When it comes to forgiving someone, many have a hard time with the concept of letting go of the pain. When in reality it is not about forgetting the hurt, nor does it have anything to do about pardon, but rather growing from it and not allowing it to settle within your heart.
When we hold onto the past of the wrongs that were/are inflicted upon us, we leave ourselves open to more pain. Wounds untreated allow for infection to take place and seep into the surrounding tissue and into the body. We can choose to ignore the infection allowing it to increase, causing deeper pain and further infection to spread, or we can seek treatment for it to heal.
Can the victim heal? Of course they can. But, it is all about choosing to heal and a willingness to take the time to face what scarred their heart. Without going into much detail, I had a heart filled with sadness for many years, yet I was fortunate in knowing that God saw what I needed as he blessed me with someone who was willing to go the distance as I started to break down the brick wall I had built around my heart.
As I healed and went through the process of dealing with each situation, I would cried, throw a fit and yell. I even yelled at God while asking Him, “Why would you Lord, who is to be such a loving God, allow such things to happen?” Yet each step I took, the painful process of tossing the bricks aside felt as though my heart was being ripped to shreds. I discovered that the love within me was so tightly wrapped with a disability of self-hate and thoughts of undeserving of love. God never left my side, because He knew that what was buried beneath the deeply rooted rubble of pain was a woman craving to be set free to enjoy, live and love life.
As I got to the final stages of healing, I wrote out letters to those that inflicted pain. The pen in my hand wrote non-stop for hours until I was done, exposing the hole in my heart that had been previously filled with bitterness. Once the process was completed, I had a choice: I could send the letters directly to the people, hang onto them, or toss them in the trash. I made the decision to toss the pain away. I didn’t feel the need to throw it back at those that were the cause of such destruction.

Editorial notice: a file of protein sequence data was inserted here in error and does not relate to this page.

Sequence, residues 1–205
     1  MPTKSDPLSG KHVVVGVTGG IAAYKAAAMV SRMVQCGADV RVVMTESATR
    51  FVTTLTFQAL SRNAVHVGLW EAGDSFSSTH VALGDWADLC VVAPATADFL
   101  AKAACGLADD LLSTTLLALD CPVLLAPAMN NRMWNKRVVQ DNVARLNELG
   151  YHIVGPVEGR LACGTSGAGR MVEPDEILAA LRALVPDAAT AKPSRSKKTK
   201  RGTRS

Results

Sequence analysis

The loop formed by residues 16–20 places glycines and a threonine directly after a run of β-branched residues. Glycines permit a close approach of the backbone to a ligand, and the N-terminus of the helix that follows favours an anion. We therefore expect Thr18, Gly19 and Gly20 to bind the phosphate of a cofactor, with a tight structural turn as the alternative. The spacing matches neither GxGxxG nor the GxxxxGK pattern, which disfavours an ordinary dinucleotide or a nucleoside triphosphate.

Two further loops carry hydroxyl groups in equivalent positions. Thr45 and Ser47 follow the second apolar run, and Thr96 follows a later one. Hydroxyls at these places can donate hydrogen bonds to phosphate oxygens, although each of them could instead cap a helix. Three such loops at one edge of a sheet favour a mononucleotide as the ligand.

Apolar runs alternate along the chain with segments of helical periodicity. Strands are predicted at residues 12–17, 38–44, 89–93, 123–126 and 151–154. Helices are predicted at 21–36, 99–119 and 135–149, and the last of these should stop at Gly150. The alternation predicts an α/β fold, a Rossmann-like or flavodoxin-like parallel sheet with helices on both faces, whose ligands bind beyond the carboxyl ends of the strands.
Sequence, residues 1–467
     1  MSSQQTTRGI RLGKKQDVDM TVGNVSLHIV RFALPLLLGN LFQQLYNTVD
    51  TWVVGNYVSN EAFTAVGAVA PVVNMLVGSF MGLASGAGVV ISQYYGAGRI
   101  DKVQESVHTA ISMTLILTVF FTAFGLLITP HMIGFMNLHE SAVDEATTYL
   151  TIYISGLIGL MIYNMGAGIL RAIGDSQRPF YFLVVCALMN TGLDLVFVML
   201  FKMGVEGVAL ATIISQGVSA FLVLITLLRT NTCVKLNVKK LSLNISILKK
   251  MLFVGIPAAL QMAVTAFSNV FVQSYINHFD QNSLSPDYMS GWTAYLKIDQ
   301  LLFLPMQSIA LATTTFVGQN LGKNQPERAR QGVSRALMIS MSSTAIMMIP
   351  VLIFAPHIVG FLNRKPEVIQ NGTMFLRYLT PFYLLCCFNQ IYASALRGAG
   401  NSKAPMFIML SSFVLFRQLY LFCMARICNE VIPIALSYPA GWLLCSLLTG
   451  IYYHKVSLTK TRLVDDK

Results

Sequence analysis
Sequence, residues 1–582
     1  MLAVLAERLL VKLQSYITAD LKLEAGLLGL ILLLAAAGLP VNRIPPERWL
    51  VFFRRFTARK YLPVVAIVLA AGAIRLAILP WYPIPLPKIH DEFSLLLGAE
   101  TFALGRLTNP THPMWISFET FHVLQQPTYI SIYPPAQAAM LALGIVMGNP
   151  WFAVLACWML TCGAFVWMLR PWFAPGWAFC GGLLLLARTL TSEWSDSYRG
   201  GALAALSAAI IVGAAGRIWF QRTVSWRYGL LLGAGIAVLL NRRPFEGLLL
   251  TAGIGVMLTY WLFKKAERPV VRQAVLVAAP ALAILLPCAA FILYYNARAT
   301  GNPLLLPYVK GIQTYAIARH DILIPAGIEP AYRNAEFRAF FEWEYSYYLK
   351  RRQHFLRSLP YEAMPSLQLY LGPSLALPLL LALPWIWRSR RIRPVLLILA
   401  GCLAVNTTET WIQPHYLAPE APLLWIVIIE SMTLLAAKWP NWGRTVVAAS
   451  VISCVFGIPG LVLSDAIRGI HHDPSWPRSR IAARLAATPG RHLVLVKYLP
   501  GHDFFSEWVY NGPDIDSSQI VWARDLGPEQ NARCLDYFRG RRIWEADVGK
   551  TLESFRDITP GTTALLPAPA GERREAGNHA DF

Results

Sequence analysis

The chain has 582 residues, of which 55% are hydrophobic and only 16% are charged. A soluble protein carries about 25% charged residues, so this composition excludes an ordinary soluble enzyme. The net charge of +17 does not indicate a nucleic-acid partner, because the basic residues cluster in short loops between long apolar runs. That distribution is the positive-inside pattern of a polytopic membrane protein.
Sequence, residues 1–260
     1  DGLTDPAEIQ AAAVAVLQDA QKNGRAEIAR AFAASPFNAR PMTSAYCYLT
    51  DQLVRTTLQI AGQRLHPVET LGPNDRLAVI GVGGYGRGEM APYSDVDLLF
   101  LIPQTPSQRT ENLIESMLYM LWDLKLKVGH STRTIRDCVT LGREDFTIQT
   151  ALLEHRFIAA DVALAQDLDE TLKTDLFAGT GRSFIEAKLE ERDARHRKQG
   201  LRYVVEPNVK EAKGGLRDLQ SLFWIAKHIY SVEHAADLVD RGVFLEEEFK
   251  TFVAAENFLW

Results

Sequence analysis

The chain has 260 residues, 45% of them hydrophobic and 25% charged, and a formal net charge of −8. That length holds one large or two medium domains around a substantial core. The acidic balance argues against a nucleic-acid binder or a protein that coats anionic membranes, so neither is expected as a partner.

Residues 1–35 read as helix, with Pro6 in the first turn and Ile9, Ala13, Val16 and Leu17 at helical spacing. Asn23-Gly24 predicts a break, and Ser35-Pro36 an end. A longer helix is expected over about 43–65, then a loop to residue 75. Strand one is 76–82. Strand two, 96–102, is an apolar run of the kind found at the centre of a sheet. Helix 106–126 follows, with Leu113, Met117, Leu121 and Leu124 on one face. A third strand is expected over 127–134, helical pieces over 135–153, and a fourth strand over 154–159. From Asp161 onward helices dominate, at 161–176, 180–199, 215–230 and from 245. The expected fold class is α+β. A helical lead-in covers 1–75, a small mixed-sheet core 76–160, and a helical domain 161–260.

The very final stage was that of confronting and asking each person for forgiveness. At this stage I didn’t get upset, I just cried, not fully understanding the concept behind such a gesture. I didn’t do the damage, yet I was asked to take the step of seeking forgiveness. In doing this, I also sought God’s forgiveness. What I learned was that the rubble I spoke of earlier was causing self-inflicted abuse, destroying the person I was meant to be. In asking for forgiveness, the final bricks fell away, releasing me from the bondage of self-hate, creating a freedom and joy that I had never before enjoyed.
Forgiveness is not just about letting go nor is it about forgetting the past. The scars are reminders of what we have endured and warnings of what we are to watch out for. The survival of our past, with a heart of forgiveness, is what gives us strength and the ability to live with hearts filled with love. As one heals, the forgiveness takes fold, providing peace.
For me, the moment I realized that I had truly forgiven, was when I was face to face with the ones who had created the scars. My stomach, for the first time, stopped churning. I have grown yet I still have much to learn. I have days I do quite well, and then I have days I wish I could start over. Yet each day is a new day where I can choose to leave the past behind, forgiving and seeking forgiveness, as I seek the fullness of life that we are meant to enjoy.
Be the kind of person that doesn’t need to be forgiven, yet be the person willing to ask forgiveness when it is needed.